Tuesday, March 28, 2023
11:40 AM - 12:55 PM
Center for Teaching Excellence
Thomas Cooper Library, Room L511
This session is being delivered in a face-to-face format. You'll need to come to the offices of the Center for Teaching Excellence to attend. There is not a virtual option available to attend this presentation.
Even in classes that discuss inequality and seek to center antiracism, the struggles outside our front door seem distant to some students, while others feel frustrated with pedagogy that feels disconnected from their lived experience. Grounded pedagogy seeks to provide local context to wider struggles and bridge the gap between students with disparate experiences. Grounded pedagogy involves three components: it is located in the university’s built environment, it is supported with data, and it links past and present.
You can use grounded pedagogy in the context of a law clinic that serves children charged in Family Court in Columbia, though it could be applied in any course that engages with issues of inequality and seeks to broaden students’ understanding of social justice. Grounded pedagogy guides students to understand the social context of the Columbia community without pathologizing it, which often occurs when students seek to understand clients and their cultures untethered from specificity and historical perspectives.
This context is particularly important for students who resist notions of systemic racism or oppression and in political environments that currently want to curtail discussion of those issues. In this presentation, the facilitator will draw on their experiences as a clinical law professor to demonstrate how a richer understanding of the local context of clients served can help students think beyond silos and better understand wider struggles from justice.
This is an elective session for a certificate of completion in Teaching Towards Inclusive Excellence.
In order for attendees to personally track their current registrations and attendance at certificate of completion workshops and events, the Center for Teaching Excellence requires that all registrants create an account in our registration system and login to register for all workshops.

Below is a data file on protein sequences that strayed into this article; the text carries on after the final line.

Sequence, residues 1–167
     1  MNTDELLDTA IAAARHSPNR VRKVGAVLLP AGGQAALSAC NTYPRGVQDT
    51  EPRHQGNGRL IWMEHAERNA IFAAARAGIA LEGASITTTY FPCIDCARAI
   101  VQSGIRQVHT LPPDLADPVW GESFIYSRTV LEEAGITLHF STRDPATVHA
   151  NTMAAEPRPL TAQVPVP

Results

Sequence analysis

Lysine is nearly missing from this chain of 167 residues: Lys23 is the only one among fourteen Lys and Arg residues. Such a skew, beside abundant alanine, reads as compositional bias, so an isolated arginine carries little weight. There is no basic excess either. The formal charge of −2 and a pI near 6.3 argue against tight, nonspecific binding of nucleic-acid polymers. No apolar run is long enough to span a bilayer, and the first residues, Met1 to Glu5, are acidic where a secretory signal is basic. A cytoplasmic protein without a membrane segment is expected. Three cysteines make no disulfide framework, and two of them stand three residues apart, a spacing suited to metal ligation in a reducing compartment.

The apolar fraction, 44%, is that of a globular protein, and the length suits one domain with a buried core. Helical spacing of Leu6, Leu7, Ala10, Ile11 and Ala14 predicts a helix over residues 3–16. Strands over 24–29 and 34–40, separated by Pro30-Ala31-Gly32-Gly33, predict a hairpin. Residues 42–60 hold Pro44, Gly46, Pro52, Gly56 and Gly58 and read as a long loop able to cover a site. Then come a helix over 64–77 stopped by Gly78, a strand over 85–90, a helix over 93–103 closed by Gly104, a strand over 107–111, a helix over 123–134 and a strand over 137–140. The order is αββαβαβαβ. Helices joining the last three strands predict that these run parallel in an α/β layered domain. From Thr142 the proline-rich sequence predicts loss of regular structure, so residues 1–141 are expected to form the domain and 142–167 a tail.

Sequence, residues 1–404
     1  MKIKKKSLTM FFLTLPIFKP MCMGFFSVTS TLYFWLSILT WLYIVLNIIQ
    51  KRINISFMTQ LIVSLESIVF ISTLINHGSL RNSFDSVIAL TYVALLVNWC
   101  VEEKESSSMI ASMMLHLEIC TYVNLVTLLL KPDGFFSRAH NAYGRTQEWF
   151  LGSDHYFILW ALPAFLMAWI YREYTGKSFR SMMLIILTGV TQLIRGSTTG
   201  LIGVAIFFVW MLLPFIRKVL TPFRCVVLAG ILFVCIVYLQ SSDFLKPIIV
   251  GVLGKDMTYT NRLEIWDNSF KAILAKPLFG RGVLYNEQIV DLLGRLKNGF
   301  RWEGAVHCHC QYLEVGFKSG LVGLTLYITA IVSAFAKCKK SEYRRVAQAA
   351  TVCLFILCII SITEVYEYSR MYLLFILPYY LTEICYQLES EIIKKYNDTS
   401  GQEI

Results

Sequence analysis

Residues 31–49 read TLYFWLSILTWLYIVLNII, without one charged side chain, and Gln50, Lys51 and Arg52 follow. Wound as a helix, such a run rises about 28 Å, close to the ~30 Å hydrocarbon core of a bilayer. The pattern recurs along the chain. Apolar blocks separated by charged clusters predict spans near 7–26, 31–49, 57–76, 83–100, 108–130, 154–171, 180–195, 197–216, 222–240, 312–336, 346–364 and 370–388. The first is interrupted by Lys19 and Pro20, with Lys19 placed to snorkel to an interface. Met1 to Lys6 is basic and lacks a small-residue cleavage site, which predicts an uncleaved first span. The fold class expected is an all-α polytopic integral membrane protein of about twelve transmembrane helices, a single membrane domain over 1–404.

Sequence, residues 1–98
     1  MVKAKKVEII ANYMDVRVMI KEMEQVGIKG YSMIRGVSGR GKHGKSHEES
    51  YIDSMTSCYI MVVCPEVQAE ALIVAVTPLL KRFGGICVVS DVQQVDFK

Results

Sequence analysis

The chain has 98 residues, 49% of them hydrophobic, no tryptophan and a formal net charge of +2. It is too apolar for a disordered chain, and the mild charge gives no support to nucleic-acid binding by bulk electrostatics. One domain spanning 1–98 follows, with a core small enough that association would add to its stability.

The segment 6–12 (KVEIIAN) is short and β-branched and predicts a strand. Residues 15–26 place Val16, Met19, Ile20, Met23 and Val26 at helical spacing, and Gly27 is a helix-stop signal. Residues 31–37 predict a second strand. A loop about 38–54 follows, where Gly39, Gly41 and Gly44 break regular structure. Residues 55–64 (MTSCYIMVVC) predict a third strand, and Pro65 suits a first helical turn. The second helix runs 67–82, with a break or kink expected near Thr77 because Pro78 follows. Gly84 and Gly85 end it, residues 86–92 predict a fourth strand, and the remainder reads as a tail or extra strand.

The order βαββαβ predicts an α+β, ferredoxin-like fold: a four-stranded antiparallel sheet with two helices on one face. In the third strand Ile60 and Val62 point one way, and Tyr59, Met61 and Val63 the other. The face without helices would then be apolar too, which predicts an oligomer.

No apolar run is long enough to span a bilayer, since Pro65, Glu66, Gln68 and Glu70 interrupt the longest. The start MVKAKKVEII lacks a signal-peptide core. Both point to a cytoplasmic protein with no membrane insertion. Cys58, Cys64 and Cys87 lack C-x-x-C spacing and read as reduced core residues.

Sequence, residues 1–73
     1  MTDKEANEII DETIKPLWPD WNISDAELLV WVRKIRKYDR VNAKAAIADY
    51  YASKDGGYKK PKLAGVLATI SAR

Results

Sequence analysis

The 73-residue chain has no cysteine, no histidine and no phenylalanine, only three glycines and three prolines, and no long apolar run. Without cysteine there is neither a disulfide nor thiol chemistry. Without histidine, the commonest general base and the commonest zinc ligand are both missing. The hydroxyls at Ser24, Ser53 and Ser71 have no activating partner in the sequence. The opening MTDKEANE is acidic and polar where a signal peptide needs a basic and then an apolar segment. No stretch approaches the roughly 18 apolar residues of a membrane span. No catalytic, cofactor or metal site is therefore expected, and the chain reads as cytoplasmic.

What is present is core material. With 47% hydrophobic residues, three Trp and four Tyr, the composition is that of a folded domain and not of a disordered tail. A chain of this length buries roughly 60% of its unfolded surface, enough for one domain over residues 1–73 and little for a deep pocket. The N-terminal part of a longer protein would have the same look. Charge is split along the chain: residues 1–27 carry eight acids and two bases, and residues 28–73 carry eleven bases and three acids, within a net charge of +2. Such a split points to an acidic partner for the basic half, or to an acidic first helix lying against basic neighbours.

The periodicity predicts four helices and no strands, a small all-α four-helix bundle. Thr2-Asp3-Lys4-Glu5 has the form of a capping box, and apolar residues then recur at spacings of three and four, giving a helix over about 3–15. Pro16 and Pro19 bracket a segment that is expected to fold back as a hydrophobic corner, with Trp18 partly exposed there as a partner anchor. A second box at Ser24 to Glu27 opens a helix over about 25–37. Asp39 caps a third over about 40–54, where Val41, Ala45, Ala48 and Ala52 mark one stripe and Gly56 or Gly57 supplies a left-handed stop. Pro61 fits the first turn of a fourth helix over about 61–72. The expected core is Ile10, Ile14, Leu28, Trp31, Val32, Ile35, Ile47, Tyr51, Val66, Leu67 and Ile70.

If you have an existing training account with the Division of Human Resources, Office of Organizational and Professional Development, you do not need to create an account. You can login using your HR training username and password. By logging in to register for CTE events, your complete training record for both CTE and HR trainings will be available with a single account and login.
School of Law
Madalyn K. Wasilczuk is an Assistant Professor of Law at the University of South Carolina School of Law. Her work focuses on criminal legal system issues, including policing, race, extreme sentencing, and the prosecution and incarceration of children. She directs the Juvenile Justice Clinic and teaches 8th Amendment Law & Litigation and the Juvenile Justice Seminar.
Before joining the USC faculty, Wasilczuk taught at Louisiana State University Paul M. Hebert Law Center, where she directed the Juvenile Defense Clinic and taught courses on capital punishment and carceral abolition. Prior to that, she worked at the Cornell Center on the Death Penalty Worldwide, where she taught in the International Human Rights Clinic and Capital Punishment Clinic, and at the Defender Association of Philadelphia, where she was an Assistant Defender. She has also served as a fellow with the International Legal Foundation in Myanmar and Tunisia, where she mentored and trained local public defenders.
Wasilczuk holds a B.A. in International Studies with Honors, summa cum laude, from American University and a J.D. from New York University School of Law, where she earned the Leonard J. Schreier Memorial Prize in Ethics.